Tenth-grader Jordan Lewis is leading a research project at Fayette County’s Carter G. Woodson Academy that will analyze the body composition of every student and staff member at the school.
Jordan and fellow Woodson Academy students in the Student Technology Leadership Program are collaborating with ninth-graders at Woodford County High School who are also collecting that data at their school.
On Friday, the Woodford County students brought to Carter G. Woodson devices called the Inbody Machine 230 that analyze body composition when a person steps onto it and holds onto its handles.
“The state of Kentucky has a problem with obesity, and it is continuing to accelerate,” Jordan said. “Our childhood obesity rates are even more frightening. We have a problem that will impact Kentucky’s work force, economy, and well-being. When kids are not healthy, it impacts their learning. We want to be part of the solution.”
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Body composition testing measures the components of a body — what a body is made of. The students are learning that weight alone is not a clear indication of good health because it does not distinguish how many pounds are fat and how many pounds are lean body mass. The readings from the machines provide a fuller picture.
Jordan said that with data collected from staff and students this month and again in April, students working on the project will help create individual plans geared toward fitness and an active lifestyle.
The state of Kentucky has a problem with obesity, and it is continuing to accelerate. Our childhood obesity rates are even more frightening.
Jordan Lewis, 10th-grader at Carter G. Woodson Academy
The students are looking at data that includes weight, the percentage of body fat and the amount of water in the body.
The collaboration began after Woodford County High physical education and health teacher Melody Hamilton met Melanie Trowel, who teaches science at Carter G. Woodson Academy.
At first, Hamilton’s students were only going to speak to the students in Trowel’s class about the health and wellness project that had been successful in Woodford County. Woodford County High received a federal grant in 2010 that allowed the staff to buy the machines and embark on a fitness program for students.
But with students in both counties eager to participate, collaborative research began this fall. On Friday, the Woodford students came to work with students at Carter G. Woodson. The Woodford students will continue collecting data at their school as well as helping the Woodson students.
“It’s student-led,” Hamilton said. “They are teaching each other.”
Jordan said the Woodford County students “have given us a lot of really good advice and ideas.”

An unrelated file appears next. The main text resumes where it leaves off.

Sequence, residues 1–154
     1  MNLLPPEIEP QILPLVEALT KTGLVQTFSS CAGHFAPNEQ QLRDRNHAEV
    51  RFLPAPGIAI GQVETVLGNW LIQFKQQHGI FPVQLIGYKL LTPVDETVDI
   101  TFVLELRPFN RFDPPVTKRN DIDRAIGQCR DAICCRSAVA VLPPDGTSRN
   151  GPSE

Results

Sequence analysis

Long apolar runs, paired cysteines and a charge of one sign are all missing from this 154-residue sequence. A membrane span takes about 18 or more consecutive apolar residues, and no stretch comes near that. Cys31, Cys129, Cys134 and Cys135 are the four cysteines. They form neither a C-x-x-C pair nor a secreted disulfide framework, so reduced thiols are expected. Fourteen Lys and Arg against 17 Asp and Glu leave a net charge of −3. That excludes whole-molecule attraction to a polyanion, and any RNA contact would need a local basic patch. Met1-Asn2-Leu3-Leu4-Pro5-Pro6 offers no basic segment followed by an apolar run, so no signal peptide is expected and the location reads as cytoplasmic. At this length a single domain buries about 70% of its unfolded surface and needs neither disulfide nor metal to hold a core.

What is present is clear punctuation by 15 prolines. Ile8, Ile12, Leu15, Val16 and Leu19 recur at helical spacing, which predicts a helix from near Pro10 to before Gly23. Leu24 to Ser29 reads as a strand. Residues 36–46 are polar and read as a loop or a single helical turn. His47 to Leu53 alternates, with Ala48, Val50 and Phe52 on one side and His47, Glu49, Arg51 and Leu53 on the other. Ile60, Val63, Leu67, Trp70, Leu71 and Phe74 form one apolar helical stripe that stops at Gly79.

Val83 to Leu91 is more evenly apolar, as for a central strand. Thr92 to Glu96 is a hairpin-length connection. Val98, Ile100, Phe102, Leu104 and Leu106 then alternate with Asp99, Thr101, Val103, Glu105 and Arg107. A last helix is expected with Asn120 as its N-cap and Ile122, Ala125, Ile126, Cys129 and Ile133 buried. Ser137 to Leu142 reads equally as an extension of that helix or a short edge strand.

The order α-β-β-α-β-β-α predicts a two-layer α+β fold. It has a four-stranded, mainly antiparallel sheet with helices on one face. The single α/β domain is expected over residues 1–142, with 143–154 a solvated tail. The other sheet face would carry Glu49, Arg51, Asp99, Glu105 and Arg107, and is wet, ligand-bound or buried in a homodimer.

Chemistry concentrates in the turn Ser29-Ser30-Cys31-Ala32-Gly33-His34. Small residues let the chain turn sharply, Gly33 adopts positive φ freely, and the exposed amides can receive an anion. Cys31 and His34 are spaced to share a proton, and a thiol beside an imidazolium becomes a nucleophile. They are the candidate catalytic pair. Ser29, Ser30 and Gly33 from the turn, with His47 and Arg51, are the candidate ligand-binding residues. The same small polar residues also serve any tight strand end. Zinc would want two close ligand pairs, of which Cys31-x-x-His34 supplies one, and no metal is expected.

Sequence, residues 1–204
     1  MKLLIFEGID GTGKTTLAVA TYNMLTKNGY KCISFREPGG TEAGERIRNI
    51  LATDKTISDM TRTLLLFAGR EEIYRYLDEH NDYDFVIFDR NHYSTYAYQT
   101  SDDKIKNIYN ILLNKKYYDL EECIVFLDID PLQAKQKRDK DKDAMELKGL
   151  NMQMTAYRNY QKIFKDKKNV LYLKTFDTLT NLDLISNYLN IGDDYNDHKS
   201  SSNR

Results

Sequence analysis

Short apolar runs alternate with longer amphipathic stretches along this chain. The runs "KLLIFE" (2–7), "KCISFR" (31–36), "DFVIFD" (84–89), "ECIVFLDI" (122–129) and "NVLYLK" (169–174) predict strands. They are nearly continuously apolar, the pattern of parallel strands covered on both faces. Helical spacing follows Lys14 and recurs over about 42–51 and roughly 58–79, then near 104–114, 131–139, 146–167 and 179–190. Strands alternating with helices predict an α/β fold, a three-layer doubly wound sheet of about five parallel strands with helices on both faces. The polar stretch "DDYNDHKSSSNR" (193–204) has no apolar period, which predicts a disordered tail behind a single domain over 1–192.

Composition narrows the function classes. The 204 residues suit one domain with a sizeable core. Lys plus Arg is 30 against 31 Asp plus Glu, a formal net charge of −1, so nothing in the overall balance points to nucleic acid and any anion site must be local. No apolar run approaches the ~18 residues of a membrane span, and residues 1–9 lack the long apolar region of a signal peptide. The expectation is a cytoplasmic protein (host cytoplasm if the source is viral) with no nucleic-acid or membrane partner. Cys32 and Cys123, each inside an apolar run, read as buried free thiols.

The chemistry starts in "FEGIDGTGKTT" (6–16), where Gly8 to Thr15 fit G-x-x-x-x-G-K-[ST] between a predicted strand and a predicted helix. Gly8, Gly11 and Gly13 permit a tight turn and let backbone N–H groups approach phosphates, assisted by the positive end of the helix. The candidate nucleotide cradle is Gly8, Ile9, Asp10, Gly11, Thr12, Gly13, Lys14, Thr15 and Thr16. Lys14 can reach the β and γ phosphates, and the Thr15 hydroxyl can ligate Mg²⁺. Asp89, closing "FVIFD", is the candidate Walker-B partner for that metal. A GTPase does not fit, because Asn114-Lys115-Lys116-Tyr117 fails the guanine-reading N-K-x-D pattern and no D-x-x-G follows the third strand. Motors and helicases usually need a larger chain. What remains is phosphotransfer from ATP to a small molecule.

Trowel said that through the project Jordan not only does research, but can “integrate it into something he has always wanted to do,” which is learn about fitness.
Carter G. Woodson Academy, which serves students from sixth to 12th grade, is all male. Eighty-six percent of the students are black, and six percent are Hispanic, according to the district website .
Much of the school has embraced the project.
Trowel said while high school students at Carter G. Woodson are concentrating on the health and fitness aspect, middle school students are focusing on nutrition.
Other teachers at the school are incorporating the project into their curriculum, said Trowel, with a math teacher discussing food nutrition labels and foreign language teachers translating information about food portions into the language they teach. Hamilton said students are learning science and health and even art as part of the project.
Woodson art teacher Mandi Wilmhoff said that once students collect data, they will create graphics to showcase what students should be eating and how much exercise they should be getting. Wilmhoff’s students will also create exercise videos for their peers and for elementary school students.
On Friday, Storm Cherry, a Woodson teacher, said he learned from stepping on the machine that “I need to be a little bit more healthy.”
Kali Ratcliff, a ninth-grader at Woodford County High, said she thought students and staff at both schools would make progress over the next five months. The researchers will communicate by Skype throughout the research period before they take new measurements of fellow students and staff in April to see if the numbers have improved.
“It was beneficial to both of the schools,” Amber Kling, a Woodford County student, said after visiting Carter G. Woodson for a day. “We got to work together to improve the health of both communities.”